New Work: The University of Chicago Magazine
Perhaps more than any other magazines, alumni publications target highly specific audiences––readers with a shared personal experience of a school––yet beyond insignia and colors, many of these institutional publications appear interchangeable. Luke Hayman has redesigned The University of Chicago Magazine, the school’s alumni magazine, in an elegant new format that uniquely reflects the U of C’s distinct sensibility and long tradition of academic scholarship and intellectualism.
Hayman and his team worked closely with the magazine’s editors to recalibrate the look of the magazine. The new format feels smart and literary––it’s designed to be read––and makes the magazine seem less ephemeral and more like an object to be kept. Readers love the new design, and the magazine has just won the prestigious Robert Sibley Magazine of the Year Award from the Council for Advancement and Support of Education (CASE) in its 2012 Circle of Excellence Awards.
The new cover design sets the tone for the enhanced literary feel of the magazine. Issues are now perfect-bound and the covers feature illustrations surrounded by a white frame. Conceptual and imaginative, the illustrations convey that the magazine is original and smart. The previous masthead design emphasized the word “Chicago,” which made the magazine look like a city magazine. The designers restored the full name of the school to the masthead, which now appears in the upper left hand corner and is the only type on the cover. The cover features no cover lines; these have been moved to the spine, where they appear as brief descriptions (“Mansueto Library,” “1970s West Side Photos,” etc.)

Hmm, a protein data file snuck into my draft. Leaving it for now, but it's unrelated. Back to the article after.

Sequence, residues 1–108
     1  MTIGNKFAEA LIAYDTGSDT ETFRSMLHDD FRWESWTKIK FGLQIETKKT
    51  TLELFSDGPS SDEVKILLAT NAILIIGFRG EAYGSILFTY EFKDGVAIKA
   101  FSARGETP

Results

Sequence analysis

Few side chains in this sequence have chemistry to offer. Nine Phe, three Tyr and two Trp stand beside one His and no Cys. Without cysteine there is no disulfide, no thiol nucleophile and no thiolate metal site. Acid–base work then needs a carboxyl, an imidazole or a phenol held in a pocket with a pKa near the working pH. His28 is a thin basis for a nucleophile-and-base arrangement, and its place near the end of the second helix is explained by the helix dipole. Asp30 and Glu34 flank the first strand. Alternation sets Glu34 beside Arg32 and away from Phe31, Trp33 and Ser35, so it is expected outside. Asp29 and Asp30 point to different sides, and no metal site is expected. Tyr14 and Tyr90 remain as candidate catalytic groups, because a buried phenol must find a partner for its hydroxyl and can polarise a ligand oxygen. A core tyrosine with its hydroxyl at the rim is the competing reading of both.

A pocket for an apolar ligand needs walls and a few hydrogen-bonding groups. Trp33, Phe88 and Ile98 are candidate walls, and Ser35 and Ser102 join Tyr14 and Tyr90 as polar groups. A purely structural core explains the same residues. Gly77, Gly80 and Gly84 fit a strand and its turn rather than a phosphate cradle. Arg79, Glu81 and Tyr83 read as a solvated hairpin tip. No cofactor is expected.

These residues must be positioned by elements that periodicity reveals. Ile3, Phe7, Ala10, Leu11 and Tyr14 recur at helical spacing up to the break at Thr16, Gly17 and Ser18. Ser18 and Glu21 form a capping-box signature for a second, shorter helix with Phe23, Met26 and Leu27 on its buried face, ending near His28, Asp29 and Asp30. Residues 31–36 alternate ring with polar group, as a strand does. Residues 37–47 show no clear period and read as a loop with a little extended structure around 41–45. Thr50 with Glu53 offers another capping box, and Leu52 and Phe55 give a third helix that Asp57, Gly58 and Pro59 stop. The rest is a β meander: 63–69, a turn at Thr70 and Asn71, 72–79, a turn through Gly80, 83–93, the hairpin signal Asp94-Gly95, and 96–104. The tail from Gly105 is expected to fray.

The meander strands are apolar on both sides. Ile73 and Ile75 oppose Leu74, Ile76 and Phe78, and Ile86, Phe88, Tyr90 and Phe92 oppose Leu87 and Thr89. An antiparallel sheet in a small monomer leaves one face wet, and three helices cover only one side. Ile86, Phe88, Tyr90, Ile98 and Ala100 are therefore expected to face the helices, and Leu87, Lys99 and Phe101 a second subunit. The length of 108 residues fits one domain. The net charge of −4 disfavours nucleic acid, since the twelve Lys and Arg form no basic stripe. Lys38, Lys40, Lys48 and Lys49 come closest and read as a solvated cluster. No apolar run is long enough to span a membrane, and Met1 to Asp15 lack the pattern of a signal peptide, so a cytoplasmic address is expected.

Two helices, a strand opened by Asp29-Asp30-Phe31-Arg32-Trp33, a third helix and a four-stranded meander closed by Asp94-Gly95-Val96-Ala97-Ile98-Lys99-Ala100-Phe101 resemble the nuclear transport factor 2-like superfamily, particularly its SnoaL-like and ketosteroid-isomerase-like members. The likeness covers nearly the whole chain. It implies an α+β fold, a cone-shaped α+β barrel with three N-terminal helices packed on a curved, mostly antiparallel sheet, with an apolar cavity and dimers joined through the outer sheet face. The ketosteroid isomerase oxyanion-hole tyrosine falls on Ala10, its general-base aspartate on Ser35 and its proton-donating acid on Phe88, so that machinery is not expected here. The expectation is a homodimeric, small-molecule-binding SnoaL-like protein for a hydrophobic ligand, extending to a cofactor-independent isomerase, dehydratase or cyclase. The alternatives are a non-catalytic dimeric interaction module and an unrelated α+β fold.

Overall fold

The designers helped restructure the content of the magazine and its departments. The front-of-book UChicago Journal section (formerly the more generic Chicago Journal) includes updates of innovations by U of C alumni, with interesting asides like a “Harper’s Index” of student facts, here named the William Rainey Harper’s Index, for the university’s first president. Features in the editorial well open with strong photography and headlines in bold type. Some features play with expected magazine formats: a photo portfolio of a West Side neighborhood flips the magazine on its side, to showcase the pictures in landscape orientation.
The magazine closes with a back-of-book “Peer Review” section that features alumni news and notes, essays and book releases. The section is printed on a different paper stock that is textured and colored pink, for the school colors of maroon and white. News is listed by class in order of graduating year, and to give the section visual texture, the designers have mixed in images of period ephemera from the school, including posters, photos and other visual notes, as well as pull quotes of comments by alumni (“Chinese sucked. I cried for my C.”) “Lite of the Mind,” the magazine’s back page (a play on “Life of the Mind”) features school-centered humor.
The magazine logotype and headlines are set in Bureau Grotesque, a strong sans serif American wood type font. Body text and headlines appear in DTL Fleischmann, a literary-looking font, while Goudy Text Lombardic Capitals inspired by the Collegiate Gothic architecture of campus are used for rubric. The Plan Grotesque family is used for sidebar text and captions.
Project Team: Luke Hayman, partner-in-charge and designer; Shigeto Akiyama, designer.